Primary Care Pediatricians' counseling, online contributions, opinions, and posts could be essential to recovering hesitant parents, considering both the relationship of trust with the families and their credible reputation, known in local setting due to the capillary network of Italian PCCO (18).

For such reasons, according to others, we encourage Primary Care Pediatricians' active participation in social media communication (19).

The strengths of our study were the social media strategy organized by a trained pediatric influencer and the accuracy of data extracted from a computerized surveillance system (GIAVA). There are also some limitations. First, we are aware that further RCT trials are needed to confirm our data because we compared our cohort to general regional and national populations, with no randomized intervention and a short enrolment period. Secondly, participants had unlimited access to social networks, but we cannot know how they spent time, participate and have effective dialogic communication with posts we published on the Facebook page. RCT trials with specific surveys among parents may better clarify the role of social media interventions. Finally, the trial was conducted in a single PPCO, and in a specific region with a very effective protocol for vaccination and our results could not be applied to other Local Health Systems without the same availability of vaccine services.


A scientific-based use of social media, with effective dialogic communication and interpersonal influence, could be considered as useful partners in vaccination campaigns to positively influence parental vaccine acceptance. In our experience, the trusting Pediatrician-Family-Patient relationships built via the social web strengthened the effective collaboration between Primary Care Pediatricians and the Local Health Authorities.

Data Availability Statement

The raw data supporting the conclusions of this article will be made available by the authors, without undue reservation.

Ethics Statement

Ethical review and approval was not required for the study on human participants in accordance with the local legislation and institutional requirements. Written informed consent from the participants' legal guardian/next of kin was not required to participate in this study in accordance with the national legislation and the institutional requirements.

Author Contributions

AD planned the study, coordinated the study, and wrote the first draft of the manuscript. FD, LR, and SD examined the data from national and regional dataset. CG and PS explored the literature and performed statistical analysis of data. NL, MB, and ST revised the final manuscript. All authors have read and approved the final manuscript.

Conflict of Interest

The authors declare that the research was conducted in the absence of any commercial or financial relationships that could be construed as a potential conflict of interest.

Publisher's Note

All claims expressed in this article are solely those of the authors and do not necessarily represent those of their affiliated organizations, or those of the publisher, the editors and the reviewers. Any product that may be evaluated in this article, or claim that may be made by its manufacturer, is not guaranteed or endorsed by the publisher.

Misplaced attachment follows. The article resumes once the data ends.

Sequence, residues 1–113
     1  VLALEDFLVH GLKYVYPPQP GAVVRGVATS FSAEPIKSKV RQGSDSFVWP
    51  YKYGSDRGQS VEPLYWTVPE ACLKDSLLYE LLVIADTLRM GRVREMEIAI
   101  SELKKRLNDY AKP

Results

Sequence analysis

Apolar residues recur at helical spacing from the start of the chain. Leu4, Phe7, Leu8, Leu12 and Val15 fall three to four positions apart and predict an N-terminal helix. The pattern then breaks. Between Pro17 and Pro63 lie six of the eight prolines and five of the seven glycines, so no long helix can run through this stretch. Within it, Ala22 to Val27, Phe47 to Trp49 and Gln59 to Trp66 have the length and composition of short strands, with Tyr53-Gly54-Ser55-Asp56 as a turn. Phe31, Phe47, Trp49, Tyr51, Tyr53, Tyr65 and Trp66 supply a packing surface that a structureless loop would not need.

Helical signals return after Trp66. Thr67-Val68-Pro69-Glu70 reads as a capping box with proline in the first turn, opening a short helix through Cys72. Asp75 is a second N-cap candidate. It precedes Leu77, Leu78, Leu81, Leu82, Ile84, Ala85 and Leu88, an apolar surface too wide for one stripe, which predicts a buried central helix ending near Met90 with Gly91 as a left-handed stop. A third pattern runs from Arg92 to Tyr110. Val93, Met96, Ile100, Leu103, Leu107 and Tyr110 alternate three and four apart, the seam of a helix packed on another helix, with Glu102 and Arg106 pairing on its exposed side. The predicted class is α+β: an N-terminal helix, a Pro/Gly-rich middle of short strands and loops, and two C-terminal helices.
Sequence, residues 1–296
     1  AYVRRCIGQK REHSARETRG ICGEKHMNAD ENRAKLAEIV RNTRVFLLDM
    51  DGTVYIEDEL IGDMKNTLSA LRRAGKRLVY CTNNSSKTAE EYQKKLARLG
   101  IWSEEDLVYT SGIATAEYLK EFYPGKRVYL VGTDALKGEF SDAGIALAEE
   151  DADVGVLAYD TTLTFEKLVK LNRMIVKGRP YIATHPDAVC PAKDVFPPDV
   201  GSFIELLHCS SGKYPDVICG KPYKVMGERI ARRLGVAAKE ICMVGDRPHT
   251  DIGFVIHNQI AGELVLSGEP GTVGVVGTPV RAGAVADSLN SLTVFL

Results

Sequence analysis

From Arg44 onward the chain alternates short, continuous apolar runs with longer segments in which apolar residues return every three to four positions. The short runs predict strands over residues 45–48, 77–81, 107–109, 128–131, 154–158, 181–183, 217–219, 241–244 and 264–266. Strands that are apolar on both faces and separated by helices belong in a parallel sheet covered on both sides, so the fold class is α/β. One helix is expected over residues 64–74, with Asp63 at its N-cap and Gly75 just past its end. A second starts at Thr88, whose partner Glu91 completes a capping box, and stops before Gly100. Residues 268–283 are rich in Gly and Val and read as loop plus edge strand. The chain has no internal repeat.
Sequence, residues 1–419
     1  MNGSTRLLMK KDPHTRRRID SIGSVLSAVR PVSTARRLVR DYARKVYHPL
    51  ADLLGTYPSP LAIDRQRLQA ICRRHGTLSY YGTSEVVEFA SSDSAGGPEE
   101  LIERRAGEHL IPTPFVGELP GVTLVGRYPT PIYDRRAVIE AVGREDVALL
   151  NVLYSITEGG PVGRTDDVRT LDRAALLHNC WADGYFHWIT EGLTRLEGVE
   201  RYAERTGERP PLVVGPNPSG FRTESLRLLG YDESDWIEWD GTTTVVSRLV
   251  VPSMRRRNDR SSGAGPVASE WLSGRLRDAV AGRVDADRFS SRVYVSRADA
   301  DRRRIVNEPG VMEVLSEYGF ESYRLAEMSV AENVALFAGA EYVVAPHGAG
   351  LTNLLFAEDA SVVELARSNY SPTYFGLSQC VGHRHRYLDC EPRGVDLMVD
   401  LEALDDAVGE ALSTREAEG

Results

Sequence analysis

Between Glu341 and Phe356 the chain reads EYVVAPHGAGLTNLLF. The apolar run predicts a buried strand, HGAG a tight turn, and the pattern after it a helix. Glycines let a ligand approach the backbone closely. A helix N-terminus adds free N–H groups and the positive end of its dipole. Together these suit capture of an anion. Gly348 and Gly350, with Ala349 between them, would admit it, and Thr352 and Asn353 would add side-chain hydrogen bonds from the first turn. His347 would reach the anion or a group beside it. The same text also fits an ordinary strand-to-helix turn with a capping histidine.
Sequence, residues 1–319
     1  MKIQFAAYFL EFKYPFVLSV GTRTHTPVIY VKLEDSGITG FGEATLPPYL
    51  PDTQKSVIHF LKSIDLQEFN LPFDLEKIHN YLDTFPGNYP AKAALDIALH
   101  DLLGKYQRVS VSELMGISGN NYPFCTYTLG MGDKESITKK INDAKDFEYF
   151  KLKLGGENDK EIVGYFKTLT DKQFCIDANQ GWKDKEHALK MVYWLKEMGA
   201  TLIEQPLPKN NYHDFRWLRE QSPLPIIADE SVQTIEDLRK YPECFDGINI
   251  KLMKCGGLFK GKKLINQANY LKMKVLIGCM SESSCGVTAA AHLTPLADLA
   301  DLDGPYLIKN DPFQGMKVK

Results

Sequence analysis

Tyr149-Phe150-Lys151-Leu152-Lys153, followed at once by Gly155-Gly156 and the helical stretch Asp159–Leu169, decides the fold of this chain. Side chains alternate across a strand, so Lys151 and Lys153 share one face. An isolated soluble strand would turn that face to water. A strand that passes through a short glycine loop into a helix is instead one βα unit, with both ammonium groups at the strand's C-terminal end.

We acknowledge all the medical and nursing personnel involved in the Margherita di Savoia Pediatric Hub (D.S.S. 1, ASL BT), especially Stefanie Bavaro, Cristina Rosati, Ruggiero Di Terlizzi, Giuseppe Mancino, Francesco Galante, Domenica Montanaro, Antonietta Riondino, and Riccardo Matera. Furthermore, we thank the Apulian Team of the Federation of Italian Primary Care Pediatricians (Luigi Nigri and Co.,) and the Regional Public Health Department (Vito Montanaro, Michele Emiliano). We also thank the Italian Paediatric Society Executive Board and all the Paediatric Influencers involved in the Italian Pediatric Society Communication Projects.


PPCO, Pediatric Primary Care Office.



1. Report Esteso ISS. Covid-19: Sorveglianza, Impatto delle Infezioni ed Efficacia Vaccinale. Istituto Superiore di Sanità. Aggiornamento nazionale 26/01/20211.

Google Scholar

2. Cattalini M, Taddio A, Bracaglia C, Cimaz R, Paolera SD, Filocamo G, et al. Childhood multisystem inflammatory syndrome associated with COVID-19 (MIS-C): a diagnostic and treatment guidance from the Rheumatology Study Group of the Italian Society of Pediatrics. Ital J Pediatr. (2021) 47:24. doi: 10.1186/s13052-021-00980-2

PubMed Abstract | CrossRef Full Text | Google Scholar

3. Oliva S, Russo G, Gili R, Russo L, Di Mauro A, Spagnoli A, et al. Risks and protective factors associated with mental health symptoms during COVID-19 home confinement in Italian Children and Adolescents: the understandingkids study. Front Pediatr. (2021) 9:664702. doi: 10.3389/fped.2021.664702

PubMed Abstract | CrossRef Full Text | Google Scholar

4. Rider EA, Ansari E, Varrin PH, Sparrow J. Mental health and wellbeing of children and adolescents during the covid-19 pandemic. BMJ. (2021) 374:n1730. doi: 10.1136/bmj.n1730

PubMed Abstract | CrossRef Full Text | Google Scholar

5. Walter EB, Talaat KR, Sabharwal C, Gurtman A, Lockhart S, Paulsen GC, et al. Evaluation of the BNT162b2 Covid-19 vaccine in children 5 to 11 years of age. N Engl J Med. (2022) 386:35–46. doi: 10.1056/NEJMoa2116298